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I am about to open a small assembling workshop of metal box. I was advised to use pneumatic (air) screwdrivers in assembling but I found it highly costing. I need 6 air screwdriver, which need big compressor what is over my budget. All what I need, a machine that can drill and tighten screw nails in the same time in thickness of metal from 0.5 mm to 1mm. Can't I use electric screwdrivers instead of pneumatic ones? What are the differences between both of them as in small workshop like mine? Thanks in advance
And got the following answer:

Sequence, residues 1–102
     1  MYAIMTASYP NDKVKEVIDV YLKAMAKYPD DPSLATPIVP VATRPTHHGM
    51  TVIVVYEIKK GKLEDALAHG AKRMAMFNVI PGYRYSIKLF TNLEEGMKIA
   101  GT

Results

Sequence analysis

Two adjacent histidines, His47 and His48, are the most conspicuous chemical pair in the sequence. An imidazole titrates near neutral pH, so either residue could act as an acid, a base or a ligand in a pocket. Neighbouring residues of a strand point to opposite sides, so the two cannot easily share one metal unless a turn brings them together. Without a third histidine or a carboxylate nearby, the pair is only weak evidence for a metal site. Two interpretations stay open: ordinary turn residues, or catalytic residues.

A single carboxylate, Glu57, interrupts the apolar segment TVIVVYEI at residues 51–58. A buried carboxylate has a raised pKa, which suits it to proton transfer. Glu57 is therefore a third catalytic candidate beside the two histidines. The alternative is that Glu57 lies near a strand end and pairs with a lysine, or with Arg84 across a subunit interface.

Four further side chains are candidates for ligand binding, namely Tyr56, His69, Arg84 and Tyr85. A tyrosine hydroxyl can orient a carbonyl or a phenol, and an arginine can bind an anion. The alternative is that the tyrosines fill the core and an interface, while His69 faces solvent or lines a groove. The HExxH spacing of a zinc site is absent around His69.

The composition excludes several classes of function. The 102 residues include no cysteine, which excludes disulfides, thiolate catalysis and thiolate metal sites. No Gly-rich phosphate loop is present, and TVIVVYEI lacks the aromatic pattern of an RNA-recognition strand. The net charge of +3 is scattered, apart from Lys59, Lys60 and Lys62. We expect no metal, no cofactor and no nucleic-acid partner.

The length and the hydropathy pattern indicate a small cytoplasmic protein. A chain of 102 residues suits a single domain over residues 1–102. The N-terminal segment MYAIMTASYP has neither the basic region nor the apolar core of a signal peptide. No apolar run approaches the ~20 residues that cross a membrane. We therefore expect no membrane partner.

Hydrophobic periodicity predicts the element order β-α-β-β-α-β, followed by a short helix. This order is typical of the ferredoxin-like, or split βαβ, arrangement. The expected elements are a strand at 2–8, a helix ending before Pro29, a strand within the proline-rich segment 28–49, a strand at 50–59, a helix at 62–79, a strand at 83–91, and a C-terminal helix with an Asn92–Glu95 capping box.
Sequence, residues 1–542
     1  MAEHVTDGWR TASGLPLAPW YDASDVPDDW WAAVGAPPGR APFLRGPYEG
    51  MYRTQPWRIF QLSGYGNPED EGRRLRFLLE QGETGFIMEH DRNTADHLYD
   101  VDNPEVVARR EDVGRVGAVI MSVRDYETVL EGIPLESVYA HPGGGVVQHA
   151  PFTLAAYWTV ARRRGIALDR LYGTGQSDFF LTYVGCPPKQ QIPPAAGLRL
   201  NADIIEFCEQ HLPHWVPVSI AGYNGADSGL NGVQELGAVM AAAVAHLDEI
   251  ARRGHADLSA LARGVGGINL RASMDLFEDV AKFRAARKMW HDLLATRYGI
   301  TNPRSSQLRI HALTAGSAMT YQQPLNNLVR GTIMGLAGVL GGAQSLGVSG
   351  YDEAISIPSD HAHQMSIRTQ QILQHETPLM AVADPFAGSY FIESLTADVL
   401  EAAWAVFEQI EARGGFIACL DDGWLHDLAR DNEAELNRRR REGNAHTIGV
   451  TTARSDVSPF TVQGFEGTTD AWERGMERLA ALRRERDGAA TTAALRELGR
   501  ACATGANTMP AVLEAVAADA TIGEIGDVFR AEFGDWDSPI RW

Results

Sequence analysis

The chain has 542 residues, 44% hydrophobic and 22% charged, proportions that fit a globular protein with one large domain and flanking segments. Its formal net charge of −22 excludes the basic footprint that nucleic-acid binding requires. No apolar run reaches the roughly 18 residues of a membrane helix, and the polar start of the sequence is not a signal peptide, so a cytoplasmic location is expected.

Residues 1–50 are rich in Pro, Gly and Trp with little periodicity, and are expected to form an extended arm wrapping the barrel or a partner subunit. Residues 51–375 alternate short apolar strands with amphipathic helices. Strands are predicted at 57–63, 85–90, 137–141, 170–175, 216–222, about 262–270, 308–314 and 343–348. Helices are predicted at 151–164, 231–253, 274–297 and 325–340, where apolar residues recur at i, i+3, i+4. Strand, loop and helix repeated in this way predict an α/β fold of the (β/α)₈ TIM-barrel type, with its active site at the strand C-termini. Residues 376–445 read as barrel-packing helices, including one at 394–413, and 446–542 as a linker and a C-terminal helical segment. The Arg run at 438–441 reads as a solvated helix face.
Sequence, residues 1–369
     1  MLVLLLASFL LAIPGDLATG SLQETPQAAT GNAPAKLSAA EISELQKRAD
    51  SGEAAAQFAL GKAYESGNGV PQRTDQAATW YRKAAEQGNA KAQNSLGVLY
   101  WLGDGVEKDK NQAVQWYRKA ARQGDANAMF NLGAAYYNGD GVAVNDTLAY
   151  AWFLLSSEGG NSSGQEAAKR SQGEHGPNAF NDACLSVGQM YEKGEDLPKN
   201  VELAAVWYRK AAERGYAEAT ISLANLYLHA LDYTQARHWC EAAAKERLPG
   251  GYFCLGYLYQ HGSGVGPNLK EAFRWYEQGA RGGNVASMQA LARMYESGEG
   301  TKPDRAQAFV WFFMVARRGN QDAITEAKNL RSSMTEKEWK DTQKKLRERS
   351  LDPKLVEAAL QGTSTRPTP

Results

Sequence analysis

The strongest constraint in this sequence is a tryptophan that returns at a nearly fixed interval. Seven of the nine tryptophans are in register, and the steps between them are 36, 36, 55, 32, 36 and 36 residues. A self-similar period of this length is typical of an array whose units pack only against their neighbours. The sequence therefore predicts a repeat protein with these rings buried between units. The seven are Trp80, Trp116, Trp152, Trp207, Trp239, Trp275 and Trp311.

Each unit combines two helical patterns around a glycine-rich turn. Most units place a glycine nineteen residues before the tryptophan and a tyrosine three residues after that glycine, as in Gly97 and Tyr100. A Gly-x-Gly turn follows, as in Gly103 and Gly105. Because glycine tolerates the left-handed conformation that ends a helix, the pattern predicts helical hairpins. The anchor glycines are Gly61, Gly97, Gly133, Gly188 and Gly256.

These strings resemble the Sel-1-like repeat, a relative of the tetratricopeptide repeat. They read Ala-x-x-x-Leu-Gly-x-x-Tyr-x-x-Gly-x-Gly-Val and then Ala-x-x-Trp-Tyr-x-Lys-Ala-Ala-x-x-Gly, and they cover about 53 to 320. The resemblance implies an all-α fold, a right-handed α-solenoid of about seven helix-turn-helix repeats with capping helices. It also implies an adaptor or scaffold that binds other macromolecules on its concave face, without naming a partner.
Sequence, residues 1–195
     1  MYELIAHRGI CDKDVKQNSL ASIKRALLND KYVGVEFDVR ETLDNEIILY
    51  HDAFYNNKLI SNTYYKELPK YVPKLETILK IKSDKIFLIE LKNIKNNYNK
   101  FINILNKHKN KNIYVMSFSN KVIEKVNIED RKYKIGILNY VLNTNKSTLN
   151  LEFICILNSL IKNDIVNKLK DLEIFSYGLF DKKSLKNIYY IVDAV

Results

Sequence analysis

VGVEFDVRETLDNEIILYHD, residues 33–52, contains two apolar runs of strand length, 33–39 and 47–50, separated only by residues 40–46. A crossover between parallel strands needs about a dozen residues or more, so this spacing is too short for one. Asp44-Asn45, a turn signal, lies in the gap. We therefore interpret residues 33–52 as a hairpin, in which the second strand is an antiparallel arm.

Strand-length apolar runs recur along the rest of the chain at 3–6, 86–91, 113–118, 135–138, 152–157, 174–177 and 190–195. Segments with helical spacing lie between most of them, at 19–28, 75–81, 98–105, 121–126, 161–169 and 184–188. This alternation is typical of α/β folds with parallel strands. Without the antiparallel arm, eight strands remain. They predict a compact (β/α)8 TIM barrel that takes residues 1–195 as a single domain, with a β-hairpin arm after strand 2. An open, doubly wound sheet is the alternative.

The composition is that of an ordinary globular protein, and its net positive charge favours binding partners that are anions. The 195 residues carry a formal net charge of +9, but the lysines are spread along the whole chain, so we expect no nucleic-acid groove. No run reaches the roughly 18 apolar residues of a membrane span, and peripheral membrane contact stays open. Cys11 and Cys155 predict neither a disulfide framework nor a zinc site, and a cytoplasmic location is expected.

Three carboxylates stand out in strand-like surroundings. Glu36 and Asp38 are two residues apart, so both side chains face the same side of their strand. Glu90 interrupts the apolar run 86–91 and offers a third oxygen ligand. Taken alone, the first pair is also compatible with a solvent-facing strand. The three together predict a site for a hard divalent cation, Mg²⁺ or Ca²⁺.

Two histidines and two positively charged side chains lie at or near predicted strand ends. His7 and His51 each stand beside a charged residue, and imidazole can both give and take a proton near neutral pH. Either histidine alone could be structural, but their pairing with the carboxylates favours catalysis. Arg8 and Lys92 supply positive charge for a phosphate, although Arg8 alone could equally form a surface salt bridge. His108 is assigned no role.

Hello a2zh, In answer to your question, If you are just starting out, then stay within your budget, use cordless or corded drills with variable speed and clutch control/torque settings. Over the years I have had several business, and always made money before buying the more expensive items. Cordless drills are excellent, especially if you use the 18 volt Lithium batteries. The advantage of cordless is no hose, no noisy compressor to ruin your day, and most cordless drills will secure many fastenings before the battery needs recharging. I have bought Dewalt tools, Bosch, Craftsman and Skill. I have not noticed any difference in the amount of screws I can secure per charge, but Skill batteries do not seem to last as long as Dewalt or Bosch. Just recently I purchased a 21.6 volt Kawasaki drill from Costco, Although it's too early to tell how long the batteries are going to last, the drill is excellent, nice and light and was only $45 with two batteries and a case and one hour charger. When I say that I do not know how long the batteries last, I do not mean per charge, I mean per life of the battery. I am a contractor, and use drills every single day, for many different projects, and when the batteries fail to hold the charge, I just buy a new tool. The major cost factor is the battery, why spend $70 per battery,? when i can get a new drill for a few bucks more. You say that you are using metal to 0.5 mm to 1mm Based upon my own personal experience with cordless drills, you could secure many fixings per charge with that thin material. I can secure all the decking boards of a 10x12 deck on one charge and that is without any pre drilling, the boards are about 1 inch thick and the srews are 2.5 inches long. I just realized that you use the term mm, and I have been quoting you prices in dollars. Maybe you live outside of the US and use the metric system, if so, tools in England are about three times the price, and maybe if you are outside of the US, perhaps you should go on line and look at tools from here, they are very cheap. I wish you luck in your venture and trust this information shall be of benefit to you. If you do live outside of the US here are a few companies to search for tools homedepot.com lowes.com sears.com harborfreight.com Please send me an email if you need more information, I shall be happy to assist. By the way, I am British and moved to the US about 5 years ago, that is why I know about the metric system. Good luck Paul M.